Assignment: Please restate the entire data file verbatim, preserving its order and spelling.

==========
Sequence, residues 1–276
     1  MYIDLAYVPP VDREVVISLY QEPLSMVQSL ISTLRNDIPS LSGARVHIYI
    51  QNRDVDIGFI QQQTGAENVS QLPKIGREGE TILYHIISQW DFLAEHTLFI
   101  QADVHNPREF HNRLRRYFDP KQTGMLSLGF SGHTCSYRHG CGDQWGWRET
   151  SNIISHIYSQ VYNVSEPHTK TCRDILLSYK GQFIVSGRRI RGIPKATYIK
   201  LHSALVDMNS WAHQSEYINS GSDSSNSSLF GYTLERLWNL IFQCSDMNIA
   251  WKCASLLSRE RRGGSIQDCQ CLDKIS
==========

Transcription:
Sequence, residues 1–276
     1  MYIDLAYVPP VDREVVISLY QEPLSMVQSL ISTLRNDIPS LSGARVHIYI
    51  QNRDVDIGFI QQQTGAENVS QLPKIGREGE TILYHIISQW DFLAEHTLFI
   101  QADVHNPREF HNRLRRYFDP KQTGMLSLGF SGHTCSYRHG CGDQWGWRET
   151  SNIISHIYSQ VYNVSEPHTK TCRDILLSYK GQFIVSGRRI RGIPKATYIK
   201  LHSALVDMNS WAHQSEYINS GSDSSNSSLF GYTLERLWNL IFQCSDMNIA
   251  WKCASLLSRE RRGGSIQDCQ CLDKIS